4) France holds 2,435.4 tonnes.
The French are the French and predicting what will happen with France’s gold reserves is difficult at best. Someone has to bail out the PIIGS, and France is the second part of the foundation of the European Union and the Euro currency. France is part of the Central Bank Gold Agreement that had led to selling, but this was all before the major run-up in gold. The logic would seem to hold that more light selling would be expected.
5) China holds 1,054.1 tonnes… and probably now more.
China is adding to its gold reserves to the point that few question whether China’s gold hoard will move higher. With more than 1.3 billion people and a fast-growing economy, it seems that the only thing that might impede gold buying is its own fight against inflation in 2011. Some 454 tonnes of gold was bought between 2003 and 2009. China probably added more than 200 tonnes during 2010 and “The World’s Growth Engine” is likely to keep adding gold to assure the value of the yuan.
6) Switzerland holds 1,040.1 tonnes.
Imagining that the Swiss will buy more gold is hard after reports in recent years that it ran out of places to securely store it, even if those reports are debatable. Then add in that Switzerland sold many tonnes of reserves under the time of the Central Bank Gold Agreement from 2003 to 2008, long before the great gold rush came upon us. With a population of 7.6 million people, how much gold does the nation need ? Switzerland can still lighten its gold reserves and not be challenged over being one of the world’s international banking center and as a benchmark currency.
7) Russia holds 784.1 tonnes… and more.
Russia is gobbling up gold as its economic power grows. The report from the World Gold Council showed that it had accumulated some 120 tonnes in just the first 10 months of 2010 after adding more than 100 tonnes in 2009 and close to 70 tonnes in 2007. More gold was purchased in November of 2010 after the data cut-off. The Russians also have huge oil and commodity reserves. Unless gold suddenly plummets to unexpected lows to the point where it has embarrassing losses, then it is easy to assume that Russia will keep increasing its gold reserves.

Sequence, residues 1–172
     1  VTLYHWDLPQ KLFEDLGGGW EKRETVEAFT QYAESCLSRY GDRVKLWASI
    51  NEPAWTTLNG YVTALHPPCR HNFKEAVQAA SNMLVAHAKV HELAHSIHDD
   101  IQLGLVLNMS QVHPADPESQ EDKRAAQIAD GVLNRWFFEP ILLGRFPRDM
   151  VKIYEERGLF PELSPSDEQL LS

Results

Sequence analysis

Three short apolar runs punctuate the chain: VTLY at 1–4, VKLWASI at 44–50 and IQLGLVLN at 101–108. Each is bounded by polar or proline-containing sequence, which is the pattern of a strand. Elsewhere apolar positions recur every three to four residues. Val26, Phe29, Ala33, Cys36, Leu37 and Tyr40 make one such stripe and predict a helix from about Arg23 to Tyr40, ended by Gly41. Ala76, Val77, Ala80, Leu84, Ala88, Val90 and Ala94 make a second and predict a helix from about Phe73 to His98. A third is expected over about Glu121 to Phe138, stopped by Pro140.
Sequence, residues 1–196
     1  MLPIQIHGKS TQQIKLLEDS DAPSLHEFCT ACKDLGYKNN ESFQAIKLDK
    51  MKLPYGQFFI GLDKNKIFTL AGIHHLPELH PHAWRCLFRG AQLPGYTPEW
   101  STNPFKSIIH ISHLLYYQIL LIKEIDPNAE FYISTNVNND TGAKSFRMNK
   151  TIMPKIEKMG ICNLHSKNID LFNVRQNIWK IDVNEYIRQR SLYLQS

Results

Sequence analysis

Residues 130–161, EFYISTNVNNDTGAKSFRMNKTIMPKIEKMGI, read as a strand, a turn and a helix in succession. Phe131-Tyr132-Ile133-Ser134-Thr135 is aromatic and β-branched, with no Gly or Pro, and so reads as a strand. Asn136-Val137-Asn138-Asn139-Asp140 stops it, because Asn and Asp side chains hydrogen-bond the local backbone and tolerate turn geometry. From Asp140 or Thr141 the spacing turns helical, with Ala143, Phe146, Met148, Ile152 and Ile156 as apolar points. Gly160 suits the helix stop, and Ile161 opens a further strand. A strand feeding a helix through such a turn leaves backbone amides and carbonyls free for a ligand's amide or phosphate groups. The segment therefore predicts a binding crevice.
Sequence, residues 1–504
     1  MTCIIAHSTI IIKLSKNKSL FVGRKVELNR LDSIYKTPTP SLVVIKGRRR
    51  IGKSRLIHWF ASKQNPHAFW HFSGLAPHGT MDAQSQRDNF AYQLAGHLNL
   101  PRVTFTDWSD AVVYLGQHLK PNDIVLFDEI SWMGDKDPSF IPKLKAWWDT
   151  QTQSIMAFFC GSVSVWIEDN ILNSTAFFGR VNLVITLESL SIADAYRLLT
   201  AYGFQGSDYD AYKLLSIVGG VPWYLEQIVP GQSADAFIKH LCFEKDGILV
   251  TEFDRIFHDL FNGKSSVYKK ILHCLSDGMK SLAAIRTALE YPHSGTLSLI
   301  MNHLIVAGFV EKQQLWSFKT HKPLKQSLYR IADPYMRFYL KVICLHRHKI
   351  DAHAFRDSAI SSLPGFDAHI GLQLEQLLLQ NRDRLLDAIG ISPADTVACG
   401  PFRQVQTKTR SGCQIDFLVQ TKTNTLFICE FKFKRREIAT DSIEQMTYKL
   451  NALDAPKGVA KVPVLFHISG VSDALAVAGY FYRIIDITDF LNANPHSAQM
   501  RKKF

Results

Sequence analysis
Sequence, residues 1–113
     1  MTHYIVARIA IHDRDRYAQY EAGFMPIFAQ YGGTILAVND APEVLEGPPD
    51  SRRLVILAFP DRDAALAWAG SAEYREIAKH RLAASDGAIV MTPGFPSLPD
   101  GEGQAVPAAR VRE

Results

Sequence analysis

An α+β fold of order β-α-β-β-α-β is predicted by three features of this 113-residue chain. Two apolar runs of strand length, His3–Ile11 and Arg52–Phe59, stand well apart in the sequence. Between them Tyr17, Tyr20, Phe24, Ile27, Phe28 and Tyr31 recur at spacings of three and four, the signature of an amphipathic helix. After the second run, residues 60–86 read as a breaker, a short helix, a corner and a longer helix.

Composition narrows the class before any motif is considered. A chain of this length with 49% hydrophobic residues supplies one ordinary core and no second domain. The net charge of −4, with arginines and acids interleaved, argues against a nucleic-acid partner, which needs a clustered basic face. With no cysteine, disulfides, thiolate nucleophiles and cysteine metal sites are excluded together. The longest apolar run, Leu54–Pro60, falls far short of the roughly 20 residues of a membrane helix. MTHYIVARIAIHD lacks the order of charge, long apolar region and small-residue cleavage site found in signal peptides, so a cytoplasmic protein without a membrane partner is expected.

8 ) Japan holds 765.2 tonnes.
Japanese people are known for keeping cash under their mattresses, but maybe they also stash gold. Japan has an inflated currency and it may decide to unload some gold holdings to be more competitive economically. The risk is a rather simple one, and that is the same as elsewhere: central banks have historically not been great interventionists when it comes to commodity prices. Prices for Japanese goods are now too expensive for foreigners due to the strength of the yen.
9) The Netherlands holds 612.5 tonnes.
It was surprising to see that the Dutch were one of the top ten in nations when it comes to gold reserves, even if it used to hold more gold. You rarely hear of a “Dutch-led bailout for the PIIGS” but anything is possible in theory. The nation was a seller of gold from at least 2003 to 2008 under the Central Bank Gold Agreement in Europe. The country’s gold holdings are unlikely to change much.
10) India holds 557.7 tonnes… and growing.
India is the second most populous country in the world with nearly 1.2 billion people. Gold is such a part of the country’s culture that it’s impossible to think of India not accumulating more gold. In fact, about one-third of the world’s jewelry demand comes from there.
India acquired 200 tonnes of the IMF gold sales in late-2010 at prevailing market prices. Some may have considered this a peak of the trend, but India is likely to continue acquiring gold under a normalized scenario for 2011 and perhaps for the years ahead.
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